What is that:blank page in your web browser?

You’re probably pretty familiar with your browser’s address bar, that text box that contains the URL of the web page you’re on right now, but you may have been surprised to see about:blank there instead of an actual web page address.

Common sense has probably already helped make it obvious that the blank part of about:blank is clearly related to the fact that you are seeing a completely blank page in your web browser.

You can try it yourself right now. Simply open another browser tab or window and type the following exactly, then click or tap Enter :


No spaces, no http or www – just the two words with a colon in the middle. A blank page should “load” immediately.

Easy enough… but what’s the point?

Why do browsers have an About:Blank page?

Technically speaking, browsers that have an about:blank page have one because it’s a part of the about URI scheme , a quasi-standard set of rules for handling internal commands that the browser has chosen to implement.

In other words, about:blank is just one of several about:[command] options available within the about collection , each of which can be used to execute a particular function within the browser itself. Preferring the command with about makes it clear to the browser that you want to do something local, internal, not visit an actual web page.

Running about:blank in almost any browser, such as Chrome, Firefox, Edge or Safari, and even mobile browsers, will display a blank page. It is actually the only about command that is well supported in all browsers.

Some common ones include about:about , which lists all or more of the available commands about the browser, about:plugins , which shows the content of installed plugins and add-ons, and about:cache , which shows information about what is stored in the browser. cache.

Most browsers will translate these about commands into more custom internal URLs, but as far as we know, that never happens with about:blank .

Why would you use About:Blank?

It seems like such a useless feature – loading a blank page – but it’s probably the most commonly used about command in a browser, and for good reason.

A very common reason for using about:blank is as a home page. The home page is a starting point for your navigation, and while sometimes a search engine, webmail page, or news site is a good starting point, even the moderately powered user will soon find that the same page that it loads over and over again as new browser windows are opened can become very annoying.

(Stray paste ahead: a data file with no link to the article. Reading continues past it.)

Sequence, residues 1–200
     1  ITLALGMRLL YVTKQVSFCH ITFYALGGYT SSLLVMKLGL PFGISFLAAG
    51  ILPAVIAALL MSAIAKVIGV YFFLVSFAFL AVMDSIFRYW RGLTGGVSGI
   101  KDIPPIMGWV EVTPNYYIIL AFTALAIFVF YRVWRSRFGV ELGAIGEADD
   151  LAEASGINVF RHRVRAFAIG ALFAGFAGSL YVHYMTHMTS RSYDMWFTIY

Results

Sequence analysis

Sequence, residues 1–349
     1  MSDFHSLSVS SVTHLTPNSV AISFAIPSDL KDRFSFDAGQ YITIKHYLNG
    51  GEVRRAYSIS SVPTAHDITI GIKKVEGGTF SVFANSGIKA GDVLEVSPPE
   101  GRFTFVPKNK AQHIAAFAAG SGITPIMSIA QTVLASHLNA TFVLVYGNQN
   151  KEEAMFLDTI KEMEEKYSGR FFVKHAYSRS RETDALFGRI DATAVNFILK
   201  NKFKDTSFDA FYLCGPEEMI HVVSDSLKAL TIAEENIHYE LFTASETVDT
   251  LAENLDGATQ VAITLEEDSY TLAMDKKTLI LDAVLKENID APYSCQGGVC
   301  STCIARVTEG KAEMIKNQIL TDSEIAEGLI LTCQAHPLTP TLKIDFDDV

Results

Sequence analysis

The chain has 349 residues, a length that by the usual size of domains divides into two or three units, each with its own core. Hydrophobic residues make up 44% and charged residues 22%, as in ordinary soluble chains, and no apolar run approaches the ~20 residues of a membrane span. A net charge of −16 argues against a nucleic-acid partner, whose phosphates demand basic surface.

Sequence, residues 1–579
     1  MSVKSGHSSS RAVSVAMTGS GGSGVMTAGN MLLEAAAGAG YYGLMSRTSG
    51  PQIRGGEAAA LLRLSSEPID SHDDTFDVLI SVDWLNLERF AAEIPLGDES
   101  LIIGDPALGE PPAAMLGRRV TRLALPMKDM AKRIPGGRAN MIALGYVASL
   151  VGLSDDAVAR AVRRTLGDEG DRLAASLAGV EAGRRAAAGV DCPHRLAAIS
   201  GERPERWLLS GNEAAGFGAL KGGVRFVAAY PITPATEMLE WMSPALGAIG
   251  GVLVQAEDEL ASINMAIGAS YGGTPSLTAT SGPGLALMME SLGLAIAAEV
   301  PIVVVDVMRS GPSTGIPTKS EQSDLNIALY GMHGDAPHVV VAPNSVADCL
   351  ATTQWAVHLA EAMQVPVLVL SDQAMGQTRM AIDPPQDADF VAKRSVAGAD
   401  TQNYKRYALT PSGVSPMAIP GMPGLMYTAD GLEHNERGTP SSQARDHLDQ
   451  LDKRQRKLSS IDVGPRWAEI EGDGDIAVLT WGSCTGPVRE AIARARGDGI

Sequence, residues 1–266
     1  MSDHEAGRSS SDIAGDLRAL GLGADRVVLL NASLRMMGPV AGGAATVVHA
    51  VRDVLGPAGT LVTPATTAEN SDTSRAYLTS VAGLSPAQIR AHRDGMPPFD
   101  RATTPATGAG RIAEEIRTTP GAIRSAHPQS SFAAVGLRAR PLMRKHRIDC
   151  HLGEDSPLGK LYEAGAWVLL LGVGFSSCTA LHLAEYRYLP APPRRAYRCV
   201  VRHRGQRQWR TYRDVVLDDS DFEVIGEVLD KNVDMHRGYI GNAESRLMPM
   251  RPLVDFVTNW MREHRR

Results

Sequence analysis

Opening a new window and having the page load instantly, since it’s blank, gives you more freedom to decide what you’re doing with it this time .

A blank home page via about:blank is also useful if you’re on a low-bandwidth or pay-as-you-go (metered) connection. It saves a lot of time, and often money, in these situations because a web page that won’t necessarily be used isn’t automatically loaded over and over again every time the browser is opened.

Check out our tutorials How to Set a Start Page on Windows and How to Set a Start Page on a Mac if you’re interested in changing yours to about:blank .

Is it: Blank Malware?

No, absolutely not. Seeing about:blank in your browser does not necessarily mean that something is wrong.

That said, seeing it as your home page when you didn’t set it that way, or seeing it all the time when you meant to go to other real websites, could mean something is wrong and could mean malware is or was involved in some way. some way.

When malware is implicated in the about:blank page , there are often other symptoms that point to it, such as random text set up as hyperlinks on the websites you visit, fake virus pop-ups, and other strange software installed on your computer that you don’t know about. remember putting there.

At worst, an unexpected about:blank home page is a symptom of a problem or a consequence of a malware cleanup. If you can, just change the home page back to the one you had. If that doesn’t work, or you have other reason to believe your computer is infected, run a full scan for viruses and other malware.